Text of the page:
Salmonella Spice Recall Expands, Along with OutbreakApr 23, 2009 | Parker Waichman LLP
Salmonella Spice Sickened 60 People
The ongoing, multi-state Salmonella spice recall has been expanded and, worse, the outbreak attributed to the tainted spices has sickened 60 people in four states. The San Francisco Gate reported that health officials in California just announced the recall of more pepper and curry spices.
The recall began in March with one spice manufactured by Union International Food Company (UIFC). The recall has been expanded a couple of times and recently included a number of spices and over 50 sauces and oils. According to a prior CBS2 report, the California Department of Public Health said the food products were manufactured at a contaminated facility.
Illnesses have been reported in Nevada, California, Oregon, and Washington State, with a number of patients requiring hospitalization.
According to California Department of Public Health spokesman, Al Lundeen, said the SF Gate, the most recent recall expansion includes “Natural and Delicious” white pepper, black pepper, and curry powder spices labeled by CJ United Corporation; CJ United Corporation maintains a cash and carry store in Oakland, California and received the products from UIFC. The spices are sold in five-pound, clear plastic jugs and are supplied to Bay Area restaurants.
UIFC Recalled Its Dry Spices
Recently, UIFC recalled its Lian How brand dry spices, which are usually sold in bulk quantities to restaurants, said the SF Gate. The recalls also included Uncle Chen black pepper (whole and ground), white pepper, and Wasabi powder; Uncle Chen products are sold at retail stores. Sauce and oil products manufactured under the Lian How and Uncle Chen brand names that are packaged in a variety of glass and plastic containers and contain the words “Packed by Union International Foods” or “Union International Foods” following the brand name, have also been recalled, said CBS2 in an prior report.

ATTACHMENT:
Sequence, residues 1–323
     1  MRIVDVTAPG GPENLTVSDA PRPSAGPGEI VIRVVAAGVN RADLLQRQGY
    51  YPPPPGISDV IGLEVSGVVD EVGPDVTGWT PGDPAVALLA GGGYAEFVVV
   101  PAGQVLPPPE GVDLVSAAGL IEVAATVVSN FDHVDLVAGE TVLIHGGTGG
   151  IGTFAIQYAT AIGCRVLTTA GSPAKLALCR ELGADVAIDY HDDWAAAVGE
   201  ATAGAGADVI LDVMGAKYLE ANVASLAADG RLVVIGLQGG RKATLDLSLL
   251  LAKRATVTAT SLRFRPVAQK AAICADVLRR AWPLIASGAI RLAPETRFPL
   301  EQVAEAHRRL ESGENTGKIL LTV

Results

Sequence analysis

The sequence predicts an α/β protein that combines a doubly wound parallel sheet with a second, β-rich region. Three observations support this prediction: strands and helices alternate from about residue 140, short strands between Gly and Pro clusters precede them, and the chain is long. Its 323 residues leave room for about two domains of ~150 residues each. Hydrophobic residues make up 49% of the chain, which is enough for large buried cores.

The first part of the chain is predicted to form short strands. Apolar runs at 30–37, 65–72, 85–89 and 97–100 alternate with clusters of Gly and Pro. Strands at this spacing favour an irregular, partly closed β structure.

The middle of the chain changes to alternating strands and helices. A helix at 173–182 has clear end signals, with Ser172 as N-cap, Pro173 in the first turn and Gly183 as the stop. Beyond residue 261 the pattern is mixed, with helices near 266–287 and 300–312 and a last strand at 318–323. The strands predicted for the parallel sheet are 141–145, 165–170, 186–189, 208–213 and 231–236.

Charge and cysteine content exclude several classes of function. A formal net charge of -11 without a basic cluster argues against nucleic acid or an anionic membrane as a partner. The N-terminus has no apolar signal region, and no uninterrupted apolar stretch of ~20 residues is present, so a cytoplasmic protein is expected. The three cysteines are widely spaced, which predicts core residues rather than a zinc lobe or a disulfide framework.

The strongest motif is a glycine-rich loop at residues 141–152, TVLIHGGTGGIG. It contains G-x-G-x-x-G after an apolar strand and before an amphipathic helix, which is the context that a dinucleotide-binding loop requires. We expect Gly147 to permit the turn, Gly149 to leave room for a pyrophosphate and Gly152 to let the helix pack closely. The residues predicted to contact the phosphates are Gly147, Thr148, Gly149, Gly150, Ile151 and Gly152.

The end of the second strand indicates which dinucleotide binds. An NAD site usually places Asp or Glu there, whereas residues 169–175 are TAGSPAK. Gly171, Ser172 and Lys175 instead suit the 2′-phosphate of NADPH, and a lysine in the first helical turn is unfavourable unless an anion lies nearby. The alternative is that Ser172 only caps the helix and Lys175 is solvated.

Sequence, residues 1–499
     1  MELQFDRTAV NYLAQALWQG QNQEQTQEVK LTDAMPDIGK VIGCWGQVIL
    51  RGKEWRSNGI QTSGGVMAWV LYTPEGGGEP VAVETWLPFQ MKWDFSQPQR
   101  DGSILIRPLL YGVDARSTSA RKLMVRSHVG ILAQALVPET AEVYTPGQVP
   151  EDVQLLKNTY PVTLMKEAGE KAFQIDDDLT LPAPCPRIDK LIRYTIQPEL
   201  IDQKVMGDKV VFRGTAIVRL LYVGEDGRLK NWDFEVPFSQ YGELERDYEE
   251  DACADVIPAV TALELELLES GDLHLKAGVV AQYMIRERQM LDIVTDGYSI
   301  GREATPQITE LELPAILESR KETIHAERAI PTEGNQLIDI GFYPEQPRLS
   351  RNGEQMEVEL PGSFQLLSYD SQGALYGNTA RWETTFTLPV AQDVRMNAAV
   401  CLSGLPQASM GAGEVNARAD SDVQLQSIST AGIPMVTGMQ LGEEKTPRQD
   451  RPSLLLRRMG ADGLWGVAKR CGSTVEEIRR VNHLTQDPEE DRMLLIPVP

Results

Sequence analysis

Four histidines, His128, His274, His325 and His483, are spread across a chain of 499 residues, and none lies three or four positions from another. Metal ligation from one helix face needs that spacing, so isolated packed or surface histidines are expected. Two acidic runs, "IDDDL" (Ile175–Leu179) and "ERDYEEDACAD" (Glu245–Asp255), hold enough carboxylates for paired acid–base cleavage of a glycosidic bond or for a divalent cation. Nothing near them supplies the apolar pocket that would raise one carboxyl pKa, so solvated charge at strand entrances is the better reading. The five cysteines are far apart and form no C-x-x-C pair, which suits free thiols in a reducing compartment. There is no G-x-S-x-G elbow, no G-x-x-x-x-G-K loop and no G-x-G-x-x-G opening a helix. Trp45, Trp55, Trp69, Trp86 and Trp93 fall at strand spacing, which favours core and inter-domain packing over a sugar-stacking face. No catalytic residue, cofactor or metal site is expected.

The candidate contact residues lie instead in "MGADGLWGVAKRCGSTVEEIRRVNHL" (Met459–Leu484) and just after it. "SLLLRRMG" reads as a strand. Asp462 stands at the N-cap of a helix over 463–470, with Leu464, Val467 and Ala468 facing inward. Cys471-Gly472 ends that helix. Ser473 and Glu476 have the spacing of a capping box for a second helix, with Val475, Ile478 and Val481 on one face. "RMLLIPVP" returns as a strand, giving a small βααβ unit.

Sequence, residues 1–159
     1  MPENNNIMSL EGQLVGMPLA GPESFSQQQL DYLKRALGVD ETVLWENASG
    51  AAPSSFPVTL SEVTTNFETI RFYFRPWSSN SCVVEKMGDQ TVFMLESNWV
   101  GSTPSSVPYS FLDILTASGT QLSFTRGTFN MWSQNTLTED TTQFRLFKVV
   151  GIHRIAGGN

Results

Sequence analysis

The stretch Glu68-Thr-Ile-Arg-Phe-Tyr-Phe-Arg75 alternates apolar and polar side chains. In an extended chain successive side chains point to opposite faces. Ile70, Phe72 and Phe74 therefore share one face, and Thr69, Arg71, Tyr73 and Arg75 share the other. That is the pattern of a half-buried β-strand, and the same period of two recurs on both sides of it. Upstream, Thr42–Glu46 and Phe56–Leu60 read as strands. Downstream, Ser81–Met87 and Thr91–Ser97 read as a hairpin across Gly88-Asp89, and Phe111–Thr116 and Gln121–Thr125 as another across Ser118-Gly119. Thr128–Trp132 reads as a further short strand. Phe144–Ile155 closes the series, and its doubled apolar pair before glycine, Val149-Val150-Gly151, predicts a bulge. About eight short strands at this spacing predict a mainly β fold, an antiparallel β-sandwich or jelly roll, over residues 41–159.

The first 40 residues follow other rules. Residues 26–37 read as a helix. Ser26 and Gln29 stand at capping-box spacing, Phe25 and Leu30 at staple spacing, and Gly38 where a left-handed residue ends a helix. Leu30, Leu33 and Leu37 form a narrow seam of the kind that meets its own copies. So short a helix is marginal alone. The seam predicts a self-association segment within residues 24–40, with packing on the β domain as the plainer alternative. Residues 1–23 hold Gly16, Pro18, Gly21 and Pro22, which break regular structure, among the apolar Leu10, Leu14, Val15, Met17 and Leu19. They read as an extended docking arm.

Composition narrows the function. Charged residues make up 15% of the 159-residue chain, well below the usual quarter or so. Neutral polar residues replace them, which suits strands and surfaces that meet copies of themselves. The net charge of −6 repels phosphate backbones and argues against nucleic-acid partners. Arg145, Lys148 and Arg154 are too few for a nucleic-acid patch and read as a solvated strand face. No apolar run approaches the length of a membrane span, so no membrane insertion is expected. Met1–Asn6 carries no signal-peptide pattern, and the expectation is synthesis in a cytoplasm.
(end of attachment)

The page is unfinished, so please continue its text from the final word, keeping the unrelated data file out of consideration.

EDS Wrap and Roll Foods LLC was forced to recall over six tons of its chicken egg rolls because the egg rolls contained black pepper spice likely linked to the recalled spice products made by UIFC. Banned Foods said in a report earlier this month that the recalled EDS Wrap and Roll frozen chicken egg rolls were sold to restaurants in California.
The Sacramento Bee reported that UIFC recalled all of its Union City-produced products due to potential Salmonella contamination and noted that the California Department of Health, the U.S. Food and Drug Administration (FDA), and the U.S. Centers for Disease Control and Prevention (CDC) are investigating the Salmonella outbreak. The products were sold to restaurants and were available in retail stores, said the Sacramento Bee. UIFC’s pepper products were linked to the multi-state outbreak following the discovery of Salmonella in food samples collected from restaurants and food distributors.
Salmonella can cause serious, sometimes fatal Salmonellosis infections in young children; weak or elderly people; and those with weakened immune systems, such as patients undergoing chemotherapy or diagnosed with HIV/AIDS. Healthy people may experience fever, diarrhea, nausea, vomiting, and abdominal pain, if infected. Without treatment, severe cases of Salmonella poisoning can result in arterial infections—such as infected aneurysms—endocarditis, arthritis, and death; however, some Salmonella bacteria are resistant to antibiotics, largely due to the use of antibiotics to promote the growth of feed animals.
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